£0+ DD £4 CC
Cassette mushes everything up and squeezes it together; on top of the warm, lush distortions naturally imparted by magnetic tape, the whole stereo recording is crammed onto half of a tape less than four millimeters wide. It takes some clever mastering to get a really spacious, clearly separated soundfield, but if what you want is a totally integrated sound then the format does half the work for you. This, you may be thinking, says ‘punk’ in brackets after the title, so why am I not talking about the songs? Production and other technical matters are a means to an end at best where punk’s concerned. Well, to an extent that’s true, and the aesthetics of punk recordings reflect that disregard, but those aesthetics are often carefully contrived specifically in order to signify that disregard, or a rejection of received values, or whatever; and in any case, the production is pretty interesting on Ringing Ears. The vocals are distorted and muffled, as though at a distance, both from the listener and the band, while the effect of the cassette format on the instrumental recordings is a form of presence; not the sort of presence that hi-fi buffs rabbit on about, but the sensation that the listener is crammed into a small toilet cubicle with the whole band. The singer is outside shouting with his head in the urinal. The guitar sounds are saturated before they even make it on to tape, the bass is surprisingly deep and well defined (surprising in respect of both format and genre), and the drums are, on reflection, probably in the adjacent cubicle, because they’re pretty muffled, although they are rhythmically clear. Does this sound like I’m knocking this EP? Nothing could be further from my intentions; the production values are more or less perfectly adapted to the material, which, as you can probably imagine, tends towards the hardcore wing of punk. Some of the songs are full-pelt, rapid-fire aural assaults, but a high proportion of the music on side A employs queasy lumbering riffs at tempos that hark back to early American hardcore musicians’ taste for old school doom metal. Lyrical themes are predominantly focussed on the traditional punk concerns of alienation and revolutionary rage, scathing critiques like ‘BBC Scum’ rubbing shoulders with more searching moral explorations such as ‘Ode To Jay’, and there are some surprises as well, like ‘Wu-Chi’, which draws a parallel between nihilism and contemplative tranquility. Volunteers don’t break totally new ground with this release, but it’s a really good one, full of attitude and commitment. Ringing Ears is a mad wikkid sound all round.
Killamari Records £0+ DD
This assured EP opens with a bittersweet soul sample, lending its atmosphere to a casual conversation, punctuated by sharp tell-tale inhalations, touching economically on the naming of the release, the sexual politics of text messaging, coping with rejection and the pleasures of weed: it’s Rick Fury’s creative persona in a nutshell. The cover shows him on a nondescript British street: a Chinese lantern and a restaurant sign across the way connect the banality of daily life to the glamour of the wuxia movies Fury frequently samples on his releases; a slim girl in a short skirt and tall shoes walks past, dismissing him with an off-hand gesture, her back to the camera. Fury’s established MO alternates humorous boasts with wry self-deprecation, and tales of the ordinary with the grandiose or extreme. On Genji The Dragon Prince he continues in this vein, and as ever, his flows are perfectly matched to his material; he combines a complete technical command with a sense of totally unconcerned relaxation, moving seamlessly between the rhythms of speech and infectious funky precision. Wit and skill are at the centre of his creative practice, but Rick Fury is not self-obsessed, and he has more interesting things to rap about than how good he is at rapping; that he wears them so lightly makes his considerable abilities all the more compelling. Production and beat-making are very accomplished; a variety of songs are sampled, of which only Gotye’s ‘Somebody That I Used To Know’ was too poppy for my taste; even there though, the overall artistic vision, and Fury’s charisma, carry it for me, and the track’s very entertaining regardless. I’ve been following this dude’s progress for a few years, and with each new release he maintains impressively high standards, finding ways to progress creatively while sounding more and more like Rick Fury all the time. This is fun-loving stuff, neither overtly political nor particularly deep, although other releases have featured some pretty intense confessional, and Fury was featured on ‘Let’s Start A Riot’ from Verbal Terrorists’ The War On Terra, one of the most revolutionary hip-hop releases of recent years; Genji The Dragon Prince is just one of the best rappers I know of, relaxing and enjoying himself.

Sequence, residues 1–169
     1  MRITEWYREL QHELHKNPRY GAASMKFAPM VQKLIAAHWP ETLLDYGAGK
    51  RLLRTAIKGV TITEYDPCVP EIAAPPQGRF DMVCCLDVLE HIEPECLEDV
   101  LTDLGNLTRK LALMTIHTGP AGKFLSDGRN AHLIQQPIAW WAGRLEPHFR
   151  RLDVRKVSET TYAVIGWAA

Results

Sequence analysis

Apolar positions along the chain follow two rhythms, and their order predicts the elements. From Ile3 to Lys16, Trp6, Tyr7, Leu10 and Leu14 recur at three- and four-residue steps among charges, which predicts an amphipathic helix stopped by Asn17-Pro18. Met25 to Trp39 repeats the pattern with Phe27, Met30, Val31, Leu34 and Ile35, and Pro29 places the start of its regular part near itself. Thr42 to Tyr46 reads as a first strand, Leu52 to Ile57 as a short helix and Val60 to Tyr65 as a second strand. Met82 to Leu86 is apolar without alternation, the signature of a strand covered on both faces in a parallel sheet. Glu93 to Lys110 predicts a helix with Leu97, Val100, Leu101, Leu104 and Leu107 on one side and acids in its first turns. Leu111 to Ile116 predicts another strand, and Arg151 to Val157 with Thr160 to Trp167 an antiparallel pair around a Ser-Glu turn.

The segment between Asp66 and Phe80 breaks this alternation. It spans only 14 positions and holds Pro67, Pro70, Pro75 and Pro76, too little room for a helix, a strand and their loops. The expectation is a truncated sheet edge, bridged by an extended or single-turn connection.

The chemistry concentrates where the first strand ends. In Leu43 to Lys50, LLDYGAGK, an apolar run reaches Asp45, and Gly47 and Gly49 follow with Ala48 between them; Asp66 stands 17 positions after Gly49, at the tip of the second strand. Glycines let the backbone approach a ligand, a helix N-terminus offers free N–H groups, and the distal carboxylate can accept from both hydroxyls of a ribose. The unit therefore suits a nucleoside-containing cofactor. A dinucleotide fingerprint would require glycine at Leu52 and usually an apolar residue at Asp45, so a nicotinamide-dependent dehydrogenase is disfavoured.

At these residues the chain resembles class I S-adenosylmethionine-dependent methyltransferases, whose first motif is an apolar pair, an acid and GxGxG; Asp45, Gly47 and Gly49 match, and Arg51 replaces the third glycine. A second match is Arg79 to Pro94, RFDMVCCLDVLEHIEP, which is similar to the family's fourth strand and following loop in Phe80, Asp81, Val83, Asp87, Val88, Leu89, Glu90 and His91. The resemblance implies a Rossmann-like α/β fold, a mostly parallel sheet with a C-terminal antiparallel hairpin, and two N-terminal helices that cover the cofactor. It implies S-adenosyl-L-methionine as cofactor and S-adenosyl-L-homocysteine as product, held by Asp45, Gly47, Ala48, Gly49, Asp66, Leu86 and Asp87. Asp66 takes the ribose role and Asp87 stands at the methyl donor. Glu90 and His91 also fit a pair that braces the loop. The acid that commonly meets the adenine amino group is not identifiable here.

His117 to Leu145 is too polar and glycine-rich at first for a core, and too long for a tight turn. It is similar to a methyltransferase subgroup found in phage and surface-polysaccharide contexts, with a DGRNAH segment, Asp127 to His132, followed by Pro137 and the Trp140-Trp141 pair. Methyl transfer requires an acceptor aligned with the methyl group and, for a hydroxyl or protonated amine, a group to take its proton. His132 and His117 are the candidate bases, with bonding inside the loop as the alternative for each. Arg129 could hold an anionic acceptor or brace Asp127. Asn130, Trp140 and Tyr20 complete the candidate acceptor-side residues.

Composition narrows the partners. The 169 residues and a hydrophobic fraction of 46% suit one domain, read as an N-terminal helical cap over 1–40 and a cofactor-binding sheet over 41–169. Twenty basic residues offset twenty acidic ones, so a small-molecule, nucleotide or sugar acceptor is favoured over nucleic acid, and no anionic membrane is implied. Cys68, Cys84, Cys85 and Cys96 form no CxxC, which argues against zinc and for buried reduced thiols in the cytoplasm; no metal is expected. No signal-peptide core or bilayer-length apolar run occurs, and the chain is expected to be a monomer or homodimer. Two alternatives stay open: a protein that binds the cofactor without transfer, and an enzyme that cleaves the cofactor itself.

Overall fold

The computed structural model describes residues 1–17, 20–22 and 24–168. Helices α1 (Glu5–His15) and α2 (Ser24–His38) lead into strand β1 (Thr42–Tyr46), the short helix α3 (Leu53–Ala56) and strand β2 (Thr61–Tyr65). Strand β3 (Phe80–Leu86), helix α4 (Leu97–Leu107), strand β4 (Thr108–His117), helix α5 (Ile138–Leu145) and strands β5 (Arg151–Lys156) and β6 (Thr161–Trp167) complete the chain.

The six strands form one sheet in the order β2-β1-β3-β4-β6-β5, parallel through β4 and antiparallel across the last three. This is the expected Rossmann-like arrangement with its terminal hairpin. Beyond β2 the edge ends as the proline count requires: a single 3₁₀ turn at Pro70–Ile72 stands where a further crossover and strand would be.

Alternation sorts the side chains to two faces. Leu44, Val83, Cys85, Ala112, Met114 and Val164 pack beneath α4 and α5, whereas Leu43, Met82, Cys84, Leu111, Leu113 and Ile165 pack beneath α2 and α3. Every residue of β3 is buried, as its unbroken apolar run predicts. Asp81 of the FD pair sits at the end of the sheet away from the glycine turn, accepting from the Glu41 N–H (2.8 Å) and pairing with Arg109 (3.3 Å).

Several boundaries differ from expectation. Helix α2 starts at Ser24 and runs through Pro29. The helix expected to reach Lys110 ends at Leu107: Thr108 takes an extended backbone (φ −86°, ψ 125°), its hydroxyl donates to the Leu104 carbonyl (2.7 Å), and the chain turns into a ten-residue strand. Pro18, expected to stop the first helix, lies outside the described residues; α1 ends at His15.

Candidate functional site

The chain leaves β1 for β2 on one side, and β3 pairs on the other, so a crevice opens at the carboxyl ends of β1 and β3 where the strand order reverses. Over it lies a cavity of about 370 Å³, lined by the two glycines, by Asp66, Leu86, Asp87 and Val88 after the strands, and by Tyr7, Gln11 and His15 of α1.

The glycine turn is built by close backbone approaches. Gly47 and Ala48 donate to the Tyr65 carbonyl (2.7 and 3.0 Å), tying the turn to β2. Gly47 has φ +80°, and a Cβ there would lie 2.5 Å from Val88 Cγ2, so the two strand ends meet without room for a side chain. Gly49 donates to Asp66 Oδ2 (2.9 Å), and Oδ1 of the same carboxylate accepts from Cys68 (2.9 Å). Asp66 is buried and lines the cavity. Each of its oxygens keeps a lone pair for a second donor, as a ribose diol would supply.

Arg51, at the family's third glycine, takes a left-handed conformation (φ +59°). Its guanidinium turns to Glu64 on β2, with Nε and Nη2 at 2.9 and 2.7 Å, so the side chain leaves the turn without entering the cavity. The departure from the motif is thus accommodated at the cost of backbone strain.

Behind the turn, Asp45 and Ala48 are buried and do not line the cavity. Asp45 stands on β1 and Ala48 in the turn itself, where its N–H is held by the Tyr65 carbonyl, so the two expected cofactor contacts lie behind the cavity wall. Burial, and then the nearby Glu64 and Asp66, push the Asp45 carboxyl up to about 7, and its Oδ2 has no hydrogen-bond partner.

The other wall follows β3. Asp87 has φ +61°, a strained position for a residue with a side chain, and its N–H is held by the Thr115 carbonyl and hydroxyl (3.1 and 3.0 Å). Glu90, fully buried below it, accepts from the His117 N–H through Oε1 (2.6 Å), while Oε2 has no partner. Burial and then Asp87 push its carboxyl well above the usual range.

£1 DD £2.50 CD
The Tickturds’ brand of punk is the rabble-rousing, garage rock ‘n’ roll variety, with a sound that bridges pre- and early hardcore, albeit very raw and rugged. As with the Volunteers cassette reviewed above, the production puts the listener in very close proximity with the band, but Hey Hey We’re The Tickturds isn’t recorded with an overtly lo-fi approach; in this case the noise and fury all comes from the amps and instruments, which are reproduced relatively faithfully. The arrangements combine the unified communality of riff-rock with rhythmic echoes of collective improvisation’s organised chaos; if some ensemble music signifies the strength of the collective, this racket signals the strength that the collective lends to the individual, with sinuous guitar solos shouting their distinctive personality at a homogenised world. The songs are demands for action, acts of political confrontation that some might see as simplifications, but which, to me, just point out how simple things often are, and by implication, whose interests are served by the perception that it’s all very complex and we should leave it to the experts. Catchy, driving material like this makes for very effective sloganeering: this EP had me wanting to build a barricade and do some redistribution of wealth. Luckily we have the cream of the cultural capital on our side already; we just need to wake up, and notice that top whack grassroots music like this makes the stuff we’re peddled by big business totally superfluous. Bloody marvelous.